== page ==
How Are Grit and Failure Connected? You May Be Surprised

There is a longstanding debate surrounding whether entrepreneurs are born or made. Magazines often profile the most successful self-made businesspeople to identify the qualities that they have in common, yet no one set of qualities can be completely singled out as the elite collection of attributes that make or break those who take on the ambitious task of establishing a company.

One thing that is almost universally accepted among business leaders, however, is the importance of grit in entrepreneurship. Difficult to define yet impossible to ignore, grit is a unique combination of perseverance, passion, and fortitude that allows professionals to carry on in times of extreme professional difficulty. Many of the most successful business investors in the world consider grit to be an indispensable quality among the leaders of the early-stage companies they choose to support. It is the one characteristic that can singularly determine whether a person’s fledgling business venture will continue after a major setback.

With this in mind, it will be surprising for people outside of the business world (as well as some on the inside) to know that grit has a direct connection to the most feared circumstance in the professional world: failure. Seemingly at odds, failure has a unique and definitive relationship to grit—if they do not experience failure, founders may not have the opportunity to learn the important lessons that allow them to develop this indispensable entrepreneurial quality. The following are three things that failure teaches people who take the risk of building their own business.

Failure teaches entrepreneurs about passion

No matter what industry an entrepreneur chooses to work in, passion is a non-negotiable part of success. There are many articles today suggesting that passion is an overrated component of professional success, but when it comes to grit and entrepreneurship, this quality is absolutely essential. Passion motivates people to work at a level that is beyond what they thought possible. It fuels founders during the bad times in business and fulfills them in a way that few other things can when things go right.

Failure is an important part of learning about the value of passion in business. People who start a company without feeling a passionate commitment to their venture are setting themselves up for failure from the start, putting them at risk of not dedicating the necessary energy from the outset. When a business fails, new entrepreneurs may ask themselves where it went wrong, and in these instances, it’s important for them to consider whether or not they were pursuing a path that was completely in line with their dreams.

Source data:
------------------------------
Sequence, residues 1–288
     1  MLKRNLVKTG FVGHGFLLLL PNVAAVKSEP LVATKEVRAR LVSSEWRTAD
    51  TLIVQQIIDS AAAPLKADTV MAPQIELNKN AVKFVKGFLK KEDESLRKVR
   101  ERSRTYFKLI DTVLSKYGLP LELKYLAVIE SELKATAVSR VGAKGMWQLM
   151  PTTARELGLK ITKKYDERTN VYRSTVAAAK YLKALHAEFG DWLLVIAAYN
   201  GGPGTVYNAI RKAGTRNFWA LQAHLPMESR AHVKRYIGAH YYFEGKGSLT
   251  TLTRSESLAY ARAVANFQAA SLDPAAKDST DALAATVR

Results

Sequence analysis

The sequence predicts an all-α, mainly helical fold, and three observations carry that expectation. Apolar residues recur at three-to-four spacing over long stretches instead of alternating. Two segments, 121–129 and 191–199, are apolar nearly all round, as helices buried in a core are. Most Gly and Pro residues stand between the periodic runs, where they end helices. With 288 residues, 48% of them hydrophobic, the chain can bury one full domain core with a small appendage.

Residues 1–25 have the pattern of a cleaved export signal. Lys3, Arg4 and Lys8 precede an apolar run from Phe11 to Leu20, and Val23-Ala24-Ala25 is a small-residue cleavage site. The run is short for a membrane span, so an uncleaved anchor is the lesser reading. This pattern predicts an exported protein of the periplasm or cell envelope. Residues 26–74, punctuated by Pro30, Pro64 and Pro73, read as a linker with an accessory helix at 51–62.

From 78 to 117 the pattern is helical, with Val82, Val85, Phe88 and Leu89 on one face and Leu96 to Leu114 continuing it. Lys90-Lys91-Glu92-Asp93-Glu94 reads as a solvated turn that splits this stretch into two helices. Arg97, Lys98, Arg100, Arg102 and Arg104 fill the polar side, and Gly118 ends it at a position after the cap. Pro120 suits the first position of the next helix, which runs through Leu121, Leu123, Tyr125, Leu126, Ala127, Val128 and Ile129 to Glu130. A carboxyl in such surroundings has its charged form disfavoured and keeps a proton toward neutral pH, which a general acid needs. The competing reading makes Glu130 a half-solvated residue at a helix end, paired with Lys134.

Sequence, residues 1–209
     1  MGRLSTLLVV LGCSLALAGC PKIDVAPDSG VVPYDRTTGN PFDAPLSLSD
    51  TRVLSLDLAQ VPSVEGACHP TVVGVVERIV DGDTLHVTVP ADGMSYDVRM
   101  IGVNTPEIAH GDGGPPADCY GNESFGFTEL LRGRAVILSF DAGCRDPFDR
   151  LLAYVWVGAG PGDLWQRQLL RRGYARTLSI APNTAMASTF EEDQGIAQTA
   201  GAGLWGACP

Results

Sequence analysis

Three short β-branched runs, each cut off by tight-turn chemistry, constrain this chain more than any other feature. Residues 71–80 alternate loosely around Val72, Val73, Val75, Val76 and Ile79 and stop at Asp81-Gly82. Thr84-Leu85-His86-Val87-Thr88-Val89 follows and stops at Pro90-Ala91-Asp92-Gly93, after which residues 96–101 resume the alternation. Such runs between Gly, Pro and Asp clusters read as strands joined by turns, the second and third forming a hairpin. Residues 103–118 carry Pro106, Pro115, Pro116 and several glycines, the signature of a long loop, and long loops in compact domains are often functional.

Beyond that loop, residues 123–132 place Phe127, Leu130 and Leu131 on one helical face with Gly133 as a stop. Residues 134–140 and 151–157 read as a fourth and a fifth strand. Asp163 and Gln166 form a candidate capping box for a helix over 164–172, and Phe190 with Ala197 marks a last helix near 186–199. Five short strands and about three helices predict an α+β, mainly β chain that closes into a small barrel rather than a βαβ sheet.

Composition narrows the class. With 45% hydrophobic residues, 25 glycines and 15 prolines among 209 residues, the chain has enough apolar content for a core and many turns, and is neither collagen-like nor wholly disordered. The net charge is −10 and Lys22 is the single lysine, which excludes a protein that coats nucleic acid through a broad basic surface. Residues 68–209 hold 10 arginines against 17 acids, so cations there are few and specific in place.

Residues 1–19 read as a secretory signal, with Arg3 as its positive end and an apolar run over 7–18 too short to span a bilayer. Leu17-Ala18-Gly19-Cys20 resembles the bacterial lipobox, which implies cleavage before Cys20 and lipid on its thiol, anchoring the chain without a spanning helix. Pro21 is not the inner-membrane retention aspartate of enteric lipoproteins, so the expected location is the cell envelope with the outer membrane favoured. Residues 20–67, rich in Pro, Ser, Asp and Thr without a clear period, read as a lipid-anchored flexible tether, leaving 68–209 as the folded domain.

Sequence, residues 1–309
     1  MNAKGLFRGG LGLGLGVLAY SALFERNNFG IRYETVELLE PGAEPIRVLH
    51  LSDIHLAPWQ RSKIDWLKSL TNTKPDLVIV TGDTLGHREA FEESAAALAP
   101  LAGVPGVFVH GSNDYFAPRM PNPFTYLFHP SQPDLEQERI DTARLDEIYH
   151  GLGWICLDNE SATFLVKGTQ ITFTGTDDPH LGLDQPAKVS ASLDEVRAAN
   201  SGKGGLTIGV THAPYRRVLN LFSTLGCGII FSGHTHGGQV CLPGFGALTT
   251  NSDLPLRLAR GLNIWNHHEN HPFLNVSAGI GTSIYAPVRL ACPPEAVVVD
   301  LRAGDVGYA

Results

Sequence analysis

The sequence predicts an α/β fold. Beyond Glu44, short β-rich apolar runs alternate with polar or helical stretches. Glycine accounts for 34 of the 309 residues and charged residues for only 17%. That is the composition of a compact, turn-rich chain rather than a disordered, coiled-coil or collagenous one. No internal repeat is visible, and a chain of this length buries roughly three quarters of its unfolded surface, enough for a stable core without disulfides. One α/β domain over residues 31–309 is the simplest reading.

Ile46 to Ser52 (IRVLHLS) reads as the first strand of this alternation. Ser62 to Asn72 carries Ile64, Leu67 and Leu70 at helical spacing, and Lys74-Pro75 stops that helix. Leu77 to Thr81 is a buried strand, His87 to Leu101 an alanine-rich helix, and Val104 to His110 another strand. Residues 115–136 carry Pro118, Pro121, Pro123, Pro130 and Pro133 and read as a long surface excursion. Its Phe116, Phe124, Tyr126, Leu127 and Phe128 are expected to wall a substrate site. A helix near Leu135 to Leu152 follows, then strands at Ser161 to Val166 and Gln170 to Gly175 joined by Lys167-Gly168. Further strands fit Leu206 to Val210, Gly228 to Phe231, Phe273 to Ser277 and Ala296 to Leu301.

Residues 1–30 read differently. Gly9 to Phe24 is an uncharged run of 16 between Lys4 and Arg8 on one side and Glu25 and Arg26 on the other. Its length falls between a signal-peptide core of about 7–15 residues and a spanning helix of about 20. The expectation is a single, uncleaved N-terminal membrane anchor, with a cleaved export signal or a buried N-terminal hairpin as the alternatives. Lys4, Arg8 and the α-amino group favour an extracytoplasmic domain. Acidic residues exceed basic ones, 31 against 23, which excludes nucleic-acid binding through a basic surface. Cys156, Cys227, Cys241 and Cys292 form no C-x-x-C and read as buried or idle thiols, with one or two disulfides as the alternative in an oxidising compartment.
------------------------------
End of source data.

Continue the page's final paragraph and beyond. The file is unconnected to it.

Failure can be a useful wakeup call for entrepreneurs, signaling that there may be a project more in line with their deep personal interests to pursue. Failure in one project can give them the space to find projects that truly mean something to them. Passion is the driving force behind having grit, and using failure as a tool to determine whether they felt passionate about a project is a great metric for deciding to move forward (or not) with business ventures in the future.


Failure teaches entrepreneurs about having courage

Those who are destined to become entrepreneurs do not quit after an unsuccessful venture. In doing so, they learn about the realities of what failure feels like and what it really means in the grand scheme of things. Many people spend their lives so afraid of what failure will feel like, what the reality of living with failure will be, and what people will think of them that they never take any risk in business at all.

In the face of these fears, failure provides entrepreneurs with an important opportunity to practice having courage. No one feels confident after their first professional venture fails, but in business (as in life), courage is not a feeling—it’s an act. Entrepreneurs can’t know how bold they are until they have the courage to pursue a new possibility in spite of impossible odds. In the context of having grit, courage gives entrepreneurs the will to lead on an idea that no one else is ready to follow but that they are passionate enough about to pursue.

Failure teaches entrepreneurs about resilience

Having the will to stand up and try again after failure is not something that most people are born with. Without the opportunity to start over, true entrepreneurs would never know how empowering it is to start over and see themselves succeed more than before, armed with the knowledge gained by making mistakes.

Living through failure allows people with true entrepreneurial spirit to realize that they can and will survive after a major setback. It weakens the fear they feel when considering their next professional move and allows them to act boldly on their ideas. The reality is that failure becomes easier, in a sense; not because an entrepreneur is okay with failing, but because he or she knows that with each failure is a valuable lesson. The recognition of these lessons and the ability to apply them in the future creates a deep sense of resilience that allows entrepreneurs to stay focused and keep moving forward. More than anything else, the willingness to keep moving forward is central to the nature of grit.

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